Practicing ii-V-I licks is an incredibly important thing for jazz musicians, especially in the early stages, but can still be beneficial at any stage of development.

The ii-V-I is one of the most common chord progressions found in jazz standards and many other kinds of music, so it’s important to have a rich vocabulary of ideas to play.

You can learn licks by ear from jazz musicians you admire, and I highly suggest that. But I know that sometimes it can be overwhelming and you just need a place to start.

The most important thing is to pick a few and practice them the right way. If you have focused, goal-oriented practice sessions you can get some powerful results out of just a little bit of material.

Speaking of practicing, make sure you’ve signed up to receive our free “Ultimate Jazz Guide to Practicing,” if you want to make sure you are working on the right things. It will just take a minute to sign up, we’ll send it to you, and you can continue on.

Here are 12 ii-V-I licks to work on today. These are composed with some themes in mind, but most of all they are made to help you spell out the chord changes. Pick a few you really resonate with and take them through all 12 keys!

Hope you enjoy working on some of these! Take your time and dedicate yourself to one or two. Sometimes less is more.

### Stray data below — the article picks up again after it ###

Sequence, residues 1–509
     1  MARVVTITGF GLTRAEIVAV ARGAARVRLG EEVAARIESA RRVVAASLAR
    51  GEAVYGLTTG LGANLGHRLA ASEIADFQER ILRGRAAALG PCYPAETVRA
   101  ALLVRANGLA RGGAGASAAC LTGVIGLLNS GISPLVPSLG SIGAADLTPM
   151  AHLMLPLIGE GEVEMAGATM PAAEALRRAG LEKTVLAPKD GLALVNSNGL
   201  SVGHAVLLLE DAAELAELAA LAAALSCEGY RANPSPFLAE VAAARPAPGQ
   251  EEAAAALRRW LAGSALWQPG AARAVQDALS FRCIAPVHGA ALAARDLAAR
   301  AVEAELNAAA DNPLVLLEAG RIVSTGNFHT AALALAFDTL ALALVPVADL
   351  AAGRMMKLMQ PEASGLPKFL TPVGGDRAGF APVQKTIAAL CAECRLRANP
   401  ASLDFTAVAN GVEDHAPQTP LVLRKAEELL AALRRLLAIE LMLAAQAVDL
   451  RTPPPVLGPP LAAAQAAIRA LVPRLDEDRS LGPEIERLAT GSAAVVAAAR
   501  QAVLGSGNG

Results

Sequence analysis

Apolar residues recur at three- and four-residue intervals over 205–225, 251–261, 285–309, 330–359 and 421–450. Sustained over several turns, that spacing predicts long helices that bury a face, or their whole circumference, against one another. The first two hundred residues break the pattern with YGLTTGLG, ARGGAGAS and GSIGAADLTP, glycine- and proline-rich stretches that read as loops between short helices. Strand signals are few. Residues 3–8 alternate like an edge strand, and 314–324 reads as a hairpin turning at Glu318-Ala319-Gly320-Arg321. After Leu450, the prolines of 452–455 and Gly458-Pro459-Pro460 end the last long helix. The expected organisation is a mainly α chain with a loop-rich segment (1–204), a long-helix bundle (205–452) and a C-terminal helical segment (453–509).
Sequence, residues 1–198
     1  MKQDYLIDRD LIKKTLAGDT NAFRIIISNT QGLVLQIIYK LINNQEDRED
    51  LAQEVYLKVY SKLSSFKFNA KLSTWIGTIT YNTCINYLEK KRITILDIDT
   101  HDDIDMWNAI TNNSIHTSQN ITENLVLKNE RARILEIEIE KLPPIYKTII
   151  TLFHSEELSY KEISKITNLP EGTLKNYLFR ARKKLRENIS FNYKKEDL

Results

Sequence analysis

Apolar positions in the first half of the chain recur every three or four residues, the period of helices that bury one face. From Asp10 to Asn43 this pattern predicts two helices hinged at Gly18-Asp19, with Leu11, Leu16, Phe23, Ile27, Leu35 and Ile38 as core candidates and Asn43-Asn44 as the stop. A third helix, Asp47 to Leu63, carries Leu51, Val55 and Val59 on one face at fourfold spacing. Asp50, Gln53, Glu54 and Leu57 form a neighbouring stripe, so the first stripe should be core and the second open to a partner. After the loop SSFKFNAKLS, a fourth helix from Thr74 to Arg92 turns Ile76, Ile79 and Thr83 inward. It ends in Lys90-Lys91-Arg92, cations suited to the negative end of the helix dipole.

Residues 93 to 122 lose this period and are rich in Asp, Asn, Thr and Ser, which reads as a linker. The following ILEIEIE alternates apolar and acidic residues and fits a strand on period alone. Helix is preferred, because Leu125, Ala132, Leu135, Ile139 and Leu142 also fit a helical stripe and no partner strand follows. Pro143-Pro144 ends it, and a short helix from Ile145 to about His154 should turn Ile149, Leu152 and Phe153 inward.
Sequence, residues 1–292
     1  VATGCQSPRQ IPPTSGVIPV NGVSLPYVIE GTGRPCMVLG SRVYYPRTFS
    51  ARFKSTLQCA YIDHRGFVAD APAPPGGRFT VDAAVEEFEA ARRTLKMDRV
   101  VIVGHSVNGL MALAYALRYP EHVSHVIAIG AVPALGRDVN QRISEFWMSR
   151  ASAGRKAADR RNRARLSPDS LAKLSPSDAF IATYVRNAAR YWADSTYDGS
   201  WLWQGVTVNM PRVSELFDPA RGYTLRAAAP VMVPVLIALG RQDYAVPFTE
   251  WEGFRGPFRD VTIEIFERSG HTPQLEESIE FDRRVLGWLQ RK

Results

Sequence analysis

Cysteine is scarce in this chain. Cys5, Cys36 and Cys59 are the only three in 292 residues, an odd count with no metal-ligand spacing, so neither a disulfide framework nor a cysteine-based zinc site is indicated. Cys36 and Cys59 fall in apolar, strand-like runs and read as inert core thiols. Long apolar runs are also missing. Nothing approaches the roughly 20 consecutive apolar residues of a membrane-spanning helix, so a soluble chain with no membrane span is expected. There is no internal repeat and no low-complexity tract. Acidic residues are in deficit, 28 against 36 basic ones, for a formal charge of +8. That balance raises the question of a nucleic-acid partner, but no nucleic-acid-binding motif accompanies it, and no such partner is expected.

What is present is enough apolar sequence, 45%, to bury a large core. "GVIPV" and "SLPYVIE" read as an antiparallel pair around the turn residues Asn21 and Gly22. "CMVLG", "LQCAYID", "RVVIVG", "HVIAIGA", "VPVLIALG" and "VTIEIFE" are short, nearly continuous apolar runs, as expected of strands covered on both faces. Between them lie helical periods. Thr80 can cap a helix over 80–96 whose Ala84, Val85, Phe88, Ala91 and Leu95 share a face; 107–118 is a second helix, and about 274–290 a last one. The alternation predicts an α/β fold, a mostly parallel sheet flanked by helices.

Take one lick and make your entire week all about it in all 12 keys. Then the following week take another one through all 12. Give yourself time to internalize that musical information and your time investment will be well worth it!

If you need more of the basics of improvising under your belt, check out our eBook Zero to Improv which helps you become a great jazz improviser from the ground up.

If you need help with how to set up your practice sessions up for success, check out this post called Jazz Improvisation Made Simple.

30 Stepsto Better Jazz Playing

2 COMMENTS

  1. Nice licks! I have practicing them for a couple of days now. I can almost play them all by memory. Now it's time to play them better and faster by using the metronome. You can see the D-7 and Fmaj7 arpeggios practically in every lick. I like the chromatic parts. They are very instructive and useful.

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